• Later they encountered a small group of juvenile delinquents who took them into their hideout. The thieves' lair proved to be populated by three more grown men. After some crude role playing from both my and the party's side, a fight broke out. It was short and messy, with two of the thieves decapitated while crying for mercy. The group of street youths decided to not interfere, so when the fight was over, they offered their services to the party (they tried to deceive them and get them killed, but in the end just ditched them on the surface).
  • For some reason the girls thought that their main goal is finding out where the rats are coming from. I must say that I found this quite amusing and probably will dedicate the whole post to this issue. Anyway, I did put some were rats on the map so eventually, that's where the girls got. It turned out that within the sewers a group of wererats built a shrine for worshiping some weird god. Inside there was only one rat priest with several rodents, all of which were quickly disposed of due to the extra muscle provided by the street gang.
  • After destroying the shrine the players ascended back to the inn in order to finally get some proper sleep. One of them woke up at night hearing screeching noises coming from the ground floor. Soon all three were awake and going down to inspect the main chamber. Down stairs they found two wererats (in the shrine there were signs of 3 inhabitants) dragging the unconscious tavern boy, who began changing into one of them (due to an earlier leg bite)! Needles to say, the ratmen and the half turned boy were dead in no time and the innkeeper, who got woken up by the fight, was crying over the boys body...
Also, this exchange took place:

Julia: looking quite tired from across the table "Can we go to the tavern now and get some spells and rest?"
Katja: "But we rested in the gem cutters workshop!"
Julia: Yawns, " We did? Then why am I so sleepy?", puts head on the table.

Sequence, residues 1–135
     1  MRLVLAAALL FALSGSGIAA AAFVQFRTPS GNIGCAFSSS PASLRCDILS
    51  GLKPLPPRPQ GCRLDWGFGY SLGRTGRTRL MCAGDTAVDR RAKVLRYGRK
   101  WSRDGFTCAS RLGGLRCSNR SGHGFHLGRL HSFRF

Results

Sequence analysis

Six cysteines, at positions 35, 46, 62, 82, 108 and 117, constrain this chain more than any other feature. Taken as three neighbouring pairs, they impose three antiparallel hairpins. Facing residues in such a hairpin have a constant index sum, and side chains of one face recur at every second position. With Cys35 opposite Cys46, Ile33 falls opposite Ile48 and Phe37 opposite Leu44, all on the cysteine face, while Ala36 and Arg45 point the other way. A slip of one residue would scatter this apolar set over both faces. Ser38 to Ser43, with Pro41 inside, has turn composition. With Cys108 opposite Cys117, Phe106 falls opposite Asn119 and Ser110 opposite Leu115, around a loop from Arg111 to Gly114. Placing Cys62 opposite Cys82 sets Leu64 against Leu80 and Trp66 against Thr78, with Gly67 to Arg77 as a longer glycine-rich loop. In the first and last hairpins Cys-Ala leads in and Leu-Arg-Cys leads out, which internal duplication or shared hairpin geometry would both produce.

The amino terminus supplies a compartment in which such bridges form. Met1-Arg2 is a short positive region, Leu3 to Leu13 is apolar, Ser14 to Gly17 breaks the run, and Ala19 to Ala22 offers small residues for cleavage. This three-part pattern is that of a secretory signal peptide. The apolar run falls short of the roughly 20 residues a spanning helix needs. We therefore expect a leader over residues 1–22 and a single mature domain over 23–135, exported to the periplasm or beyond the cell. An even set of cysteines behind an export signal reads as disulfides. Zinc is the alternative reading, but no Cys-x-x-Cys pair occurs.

art by Lucas Hardi

It is your destiny!

I promise to keep this short. James Maliszewski claims that Episode IV is the best part of the trilogy*, because:

A friend of mine once said that Star Wars is the only one of the series that didn't take place within the Star Wars universe.

Star Wars is the only one of the series that simply tells a story rather than telling a story about Star Wars. To varying degrees, all of the sequels and prequels exist, at least in part, to tell us more about the characters, places, and events of the original film.

And I agree. However, I must note that this assessment doesn't state anything new, it simply follows from the fact that Star Wars is the first film in the series ( which btw. wasn't planned until the movie turned out to be a huge success). As such it had to be a stand alone work of art, constructed around a closed story arc and with no lose ends sticking out.

James also writes:

Certainly there were lots of details established in the first film, but most of those details existed primarily to advance the story it was telling rather than to flesh out the setting of the story. It's the only film of the series that's like that, which probably explains why, even after years of interminable "expansions" to the original through movies, TV shows, comic books, novels, and other media, it still retains a freshness and vibrancy that the others lack.
I disagree!!! While it might be argued that, indeed the other two movies are a kind of an appendix to the first one, it's still The Empire Strikes Back, which holds the lead as (in my opinion at least) the best movie.

Why? Because it's probably the episode that has the most dramatic tension, as well as plot and character development. In fact, compared to the other two movies. it could be seen as not only being numerically and chronologically in the center, but also as the true culmination of the saga.

And I'm not even mentioning the multitude of cultural tropes and motifs which make that movie (and the whole trilogy) one of the most postmodern works in history of cinema.

Blah blah blah

Here is the real reason for this post.

*to me there will always be only 3 Star Wars movies

Tuesday, March 16, 2010

11 best doom/drone albums to play while playing

I wanted to write this post for some time. A few days ago Zak reminded me of it, so here it is (in no particular order).

11 best doom/drone albums to play while playing:

Witch, Witch
This is the side project of J. Mascis from Dinosaur Jr. If you don't like his first band, don't worry Witch sounds nothing alike. This record has a very strong 70's/stoner vibe and is filled with melodic songs about seers and occult.